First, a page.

September 9, 2011
Dr. David Bebbington addressed the OBU community Friday, Sept. 9, about how Baptist ideals were affected by the Enlightenment, explaining that “enlightenment” referred to an approach of central thought and reason, tied closely to empiricism.
Bebbington, a professor at the University of Stirling, Scotland, and one of the world’s foremost scholars on Baptist and evangelical history, is offering several lectures on Bison Hill Sept. 9 and Sept. 12, sponsored by OBU’s Distinguished Speakers Committee, the Faith and Disciplines Committee and the Department of Anthropology, History and Political Science.
In his lecture, “Baptists and the Enlightenment,” Bebbington explained in the 18th century, people generally believed if a person elevated reason, then the revelation of the Bible was lowered. People tended to replace revelation with mere reason. The Enlightenment, he said, instigated the melding of reason with biblical religion.
The thought that religion and reason were opposed slowly dissolved over time as the Enlightenment permeated early Baptist culture, Bebbington said. He presented four primary characteristics of the Enlightenment: optimism, empiricism, moderation and pragmatism. Optimism appeared as the goal of humanity in the 18th century. Happiness was the goal, as long as it was given spiritual meaning. This new hope served as a catalyst for progress, for the ability to apply reason to the problem at hand without dismissing religion.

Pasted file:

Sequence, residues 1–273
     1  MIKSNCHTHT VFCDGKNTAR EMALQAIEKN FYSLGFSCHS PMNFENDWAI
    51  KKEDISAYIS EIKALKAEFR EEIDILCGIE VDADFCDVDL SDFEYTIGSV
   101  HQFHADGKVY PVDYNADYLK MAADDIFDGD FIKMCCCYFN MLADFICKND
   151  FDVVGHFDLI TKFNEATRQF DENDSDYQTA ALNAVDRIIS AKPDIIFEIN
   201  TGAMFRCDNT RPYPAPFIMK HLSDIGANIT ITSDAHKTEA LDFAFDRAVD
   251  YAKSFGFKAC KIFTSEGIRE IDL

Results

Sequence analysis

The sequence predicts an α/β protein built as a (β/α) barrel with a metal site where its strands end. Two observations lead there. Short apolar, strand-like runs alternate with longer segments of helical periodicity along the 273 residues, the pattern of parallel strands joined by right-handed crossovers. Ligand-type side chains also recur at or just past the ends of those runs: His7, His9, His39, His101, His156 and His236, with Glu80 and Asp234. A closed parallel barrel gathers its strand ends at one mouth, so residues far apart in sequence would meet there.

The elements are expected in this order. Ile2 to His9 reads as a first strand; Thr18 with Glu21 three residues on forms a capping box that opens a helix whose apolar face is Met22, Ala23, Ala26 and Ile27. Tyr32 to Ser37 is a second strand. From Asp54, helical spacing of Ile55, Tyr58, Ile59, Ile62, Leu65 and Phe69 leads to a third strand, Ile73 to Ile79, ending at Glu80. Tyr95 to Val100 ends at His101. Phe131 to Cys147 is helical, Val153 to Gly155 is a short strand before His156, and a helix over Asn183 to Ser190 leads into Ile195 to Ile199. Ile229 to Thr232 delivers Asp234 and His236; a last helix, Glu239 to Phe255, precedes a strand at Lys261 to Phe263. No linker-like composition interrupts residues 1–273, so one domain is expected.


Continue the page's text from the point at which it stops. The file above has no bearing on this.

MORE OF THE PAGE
Empiricism, or “experimental” and “investigative” religion, was also significant to religion, Bebbington said. Baptists took on a common-sense philosophy, believing the human mind always assumes certain truths. People believed it was the duty of every man to inquire for oneself. As empirical beliefs took hold, moderation also helped to break through obscurity. According to Bebbington, Baptists sought sensibility and simplicity, desiring to express thoughts clearly and distinctly. Finally, pragmatism brought the belief that there was nothing intrinsically wrong with an action; rather, the consequences attached to the action determined whether the action was of any positive or negative value.
Bebbington concluded his lecture by sustaining his early assertions: religion can and will be affected by cultural movements, and consequentially, the encounter with the Enlightenment forever changed the Baptist faith.